What I am saying here is that some of the suggestions regarding Summit Hill would present immediate challenges and potential unintended consequences and expenses along with minimally justified benefits or additions to the overall public good, including affecting the major non-interstate connection between East and West Knoxville. If some believe that I overstate the liabilities and understand the benefits, I understand. But keep in mind that the population of people who would have to be convinced is quite large and affecting a change would mean research, organization, and communication beyond any online forum.

    We had a traffic circulation meeting recently. I was there. Very few from the public attended and I don’t think we heard any suggestions about Summit Hill. It would be appropriate to provide feedback to traffic engineering as part of that process regarding Summit Hill, I suppose. It would also be appropriate to talk to all the immediate stakeholders – The Duncan School of Law, KFD, TVA, Crowne Plaza, OP Jenkins and others.

    I am trying to respectfully communicate that as of now the discussion of the future of the park, public art, etc. or the future of downtown is not particularly advanced by focusing on narrowing Summit Hill. Perhaps that could change but if I really thought so I would say so. As a reader and one who respects this mode of communication I feel compelled to come here and explain.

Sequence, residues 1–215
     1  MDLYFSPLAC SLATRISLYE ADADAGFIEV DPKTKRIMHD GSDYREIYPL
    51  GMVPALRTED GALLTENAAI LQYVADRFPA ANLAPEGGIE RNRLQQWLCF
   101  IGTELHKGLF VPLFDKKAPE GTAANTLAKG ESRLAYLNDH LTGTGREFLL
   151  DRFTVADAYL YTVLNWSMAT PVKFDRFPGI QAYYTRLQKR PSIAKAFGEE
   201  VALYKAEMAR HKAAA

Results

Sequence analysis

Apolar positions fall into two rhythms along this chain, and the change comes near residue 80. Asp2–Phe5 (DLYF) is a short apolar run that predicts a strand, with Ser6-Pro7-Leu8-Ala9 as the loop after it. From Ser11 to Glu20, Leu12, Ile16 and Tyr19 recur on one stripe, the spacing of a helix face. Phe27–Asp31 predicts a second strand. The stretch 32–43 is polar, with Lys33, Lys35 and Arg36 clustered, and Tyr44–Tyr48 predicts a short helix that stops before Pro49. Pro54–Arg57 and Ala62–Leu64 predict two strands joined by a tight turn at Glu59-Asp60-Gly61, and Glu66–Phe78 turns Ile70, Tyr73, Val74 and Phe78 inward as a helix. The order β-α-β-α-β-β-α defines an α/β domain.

We have done a lot of street narrowing and road dieting.. Just look at North Gay under the interstate to and around Emory Place. We are improving all the infrastructure on State. We are working on a more pedestrian friendly Jackson from Henley all the way to and through the Old City. We are spending significant dollars to improve the bridge over Henley and area around Clinch and Henley. Mayor Rogero is not at all reticent about taking in suggestions and I sure believe in addressing as many as I can from my position.

    I know that I will not have changed many, if any, minds about Summit Hill Drive. As a next step I would suggest that folks place their names with their specific road suggestions and communicate these suggestions to traffic engineering at the City of Knoxville or to Jim Hagerman, Director of engineering.

    Thanks again for everyone’s patience.

  3. Bill Lyons says:

    I really appreciate my neighbor Urban Guy for doing so much work to place this material before everyone and also appreciate all the feedback. Out of respect for this effort on all parts I would like to offer some reaction from a couple of perspectives.

    The parking lot at Summit Hill and Gay street is under lease (50 years) to the owners of the Sterchi Building. When it was consummated on or about 2000 it was to fulfill terms of a HUD portion of the Sterchi’s finances. This is handled by KCDC on behalf of the City. This was the only was for the Sterchi to be funded at the time Given the prominent place the Sterchi played in downtown renaissance and the fact that local lenders were not interested in underwriting such projects I can hardy second guess the City’s decision at the time to work though this arrangement.